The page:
Published 2015-03-04

Two generations Schibsted

Inspiring. Great opportunities. The place to be. These are some reasons behind Torstein Hvattum and his son Pål Hauff Hvattum’s long careers in Schibsted.

Meet Torstein Hvattum

Journalist Torstein Hvattum (60) has worked in Aftenposten for almost 30 years. Currently, he’s a commentator in Aftenposten’s cultural section. 

Why do you work in Aftenposten and what is it like?
When I started in Aftenposten as a reporter in the new edition Lørdag Aften back in 1986, I didn’t think I would be working there for the rest of my professional career. But I’ve been given opportunities to develop new aspects of my career in different areas of the media house, as reporter, in middle management and as a manager and coach.

Torstein (right) and colleague Rune Hallheim at work in Aftenposten’s culture section. 

In your work, what makes your heart sing?
When I write and express opinions and thoughts that affect the readers – no matter whether

they are fumingly disagreeing with or applauding what I write. Indifference to what I write is paralyzing. The contact with the audience is the driving force in my work.

Torstein is interviewed by Norway’s public broadcaster, NRK.

What do you do when you’re not working?
I exercise and try to keep in shape. I also sing in a choir (bass) and I am fond of reading all kinds of literature.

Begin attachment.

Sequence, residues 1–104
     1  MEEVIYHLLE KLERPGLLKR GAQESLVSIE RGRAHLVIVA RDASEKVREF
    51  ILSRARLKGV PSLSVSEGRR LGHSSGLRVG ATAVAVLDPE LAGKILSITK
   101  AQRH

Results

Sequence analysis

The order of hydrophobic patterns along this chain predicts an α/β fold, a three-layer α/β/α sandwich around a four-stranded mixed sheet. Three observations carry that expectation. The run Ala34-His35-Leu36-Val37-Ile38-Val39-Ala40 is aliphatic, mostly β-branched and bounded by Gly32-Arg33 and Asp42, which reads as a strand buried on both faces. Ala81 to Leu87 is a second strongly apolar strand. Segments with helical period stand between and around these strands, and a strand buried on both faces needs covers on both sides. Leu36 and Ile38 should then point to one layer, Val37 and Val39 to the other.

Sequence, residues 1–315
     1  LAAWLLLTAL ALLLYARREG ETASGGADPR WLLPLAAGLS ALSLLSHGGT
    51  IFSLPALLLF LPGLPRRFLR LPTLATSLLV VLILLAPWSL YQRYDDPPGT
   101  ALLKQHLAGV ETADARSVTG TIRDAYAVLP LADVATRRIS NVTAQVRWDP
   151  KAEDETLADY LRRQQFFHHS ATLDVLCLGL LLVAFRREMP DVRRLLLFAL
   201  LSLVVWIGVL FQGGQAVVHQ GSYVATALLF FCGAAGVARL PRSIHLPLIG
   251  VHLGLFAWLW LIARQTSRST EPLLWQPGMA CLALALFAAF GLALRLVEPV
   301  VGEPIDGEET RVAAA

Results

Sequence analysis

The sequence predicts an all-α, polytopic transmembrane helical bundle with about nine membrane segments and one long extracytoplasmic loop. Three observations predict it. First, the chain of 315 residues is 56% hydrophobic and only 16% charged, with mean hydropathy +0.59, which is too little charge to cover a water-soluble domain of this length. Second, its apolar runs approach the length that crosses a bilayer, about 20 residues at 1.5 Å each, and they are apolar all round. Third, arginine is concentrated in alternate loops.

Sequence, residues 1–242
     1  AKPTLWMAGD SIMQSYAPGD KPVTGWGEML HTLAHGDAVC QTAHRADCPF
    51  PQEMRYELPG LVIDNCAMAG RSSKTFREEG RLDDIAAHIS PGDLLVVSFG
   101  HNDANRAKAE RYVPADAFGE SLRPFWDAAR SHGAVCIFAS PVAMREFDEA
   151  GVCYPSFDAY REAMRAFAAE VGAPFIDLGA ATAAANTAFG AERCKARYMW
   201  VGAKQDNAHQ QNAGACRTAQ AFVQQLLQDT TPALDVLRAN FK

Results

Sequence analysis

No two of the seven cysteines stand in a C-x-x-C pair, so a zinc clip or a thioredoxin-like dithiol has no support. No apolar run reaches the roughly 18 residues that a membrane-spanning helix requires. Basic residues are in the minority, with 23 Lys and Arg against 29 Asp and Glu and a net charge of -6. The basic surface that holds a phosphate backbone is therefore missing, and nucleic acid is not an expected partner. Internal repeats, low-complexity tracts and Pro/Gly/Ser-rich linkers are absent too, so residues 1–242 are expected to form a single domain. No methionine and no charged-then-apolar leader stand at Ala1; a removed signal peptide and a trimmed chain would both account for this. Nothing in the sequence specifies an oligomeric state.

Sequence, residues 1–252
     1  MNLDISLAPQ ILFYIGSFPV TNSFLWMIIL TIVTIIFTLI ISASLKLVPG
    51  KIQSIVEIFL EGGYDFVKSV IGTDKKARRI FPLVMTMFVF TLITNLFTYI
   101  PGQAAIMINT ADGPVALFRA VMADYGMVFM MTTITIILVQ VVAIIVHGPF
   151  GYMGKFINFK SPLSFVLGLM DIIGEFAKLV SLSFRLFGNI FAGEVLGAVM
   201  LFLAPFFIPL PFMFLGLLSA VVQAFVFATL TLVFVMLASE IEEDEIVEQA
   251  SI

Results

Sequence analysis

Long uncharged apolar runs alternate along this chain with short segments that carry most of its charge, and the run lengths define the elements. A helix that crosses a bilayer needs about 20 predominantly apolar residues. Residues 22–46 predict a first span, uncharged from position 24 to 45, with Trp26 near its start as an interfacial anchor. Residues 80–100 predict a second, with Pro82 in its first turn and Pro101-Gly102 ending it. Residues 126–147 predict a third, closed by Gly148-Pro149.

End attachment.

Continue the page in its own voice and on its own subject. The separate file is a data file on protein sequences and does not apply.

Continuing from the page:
Do you have any hidden talents?
To the extent that the interest and talent is hidden: I like singing, alone or with others. I write some lyrics and occasionally also melodies.

Tips for others who would like to work at Aftenposten?
Aftenposten is a very exciting media house. If you are interested in being able to influence the technological transformation that the media industry is in the middle of right now, then Aftenposten is the best place to be.


Meet Pål Hauff Hvattum

Torstein’s son Pål Hauff Hvattum (33) started in Schibsted Media Group as a management trainee nine years ago. In spite of his young age, Pål already has a sound international career in several of the Group’s companies around the world; currently he is General Manager of, Schibsted’s classifieds site in Mexico. 

Why do you work in and what is it like?
To be General Manager in Schibsted’s classifieds operations in Mexico must be one of the most interesting and inspiring jobs in Schibsted Media Group. We are a 100 percent Schibsted operation in one of the most prosperous emerging markets. I have a great and fast-growing team that strives to find the right balance between building on what we have done so successfully in other markets, while having enough courage to do new things in new ways.

In your work, what makes your heart sing?
My heart sings when the Volkswagen Combi ‘school bus’ from 1980 arrives at work with a bunch of employees who already are in a heavy discussions about some kind of new ‘killer’ functionality that they are eager to finish by 7:30 hrs in the morning.

It also sings when a new employee stands up and proposes a new solution. And of course, after the Friday Stand-up when we get together after a tough week and have a small tequila.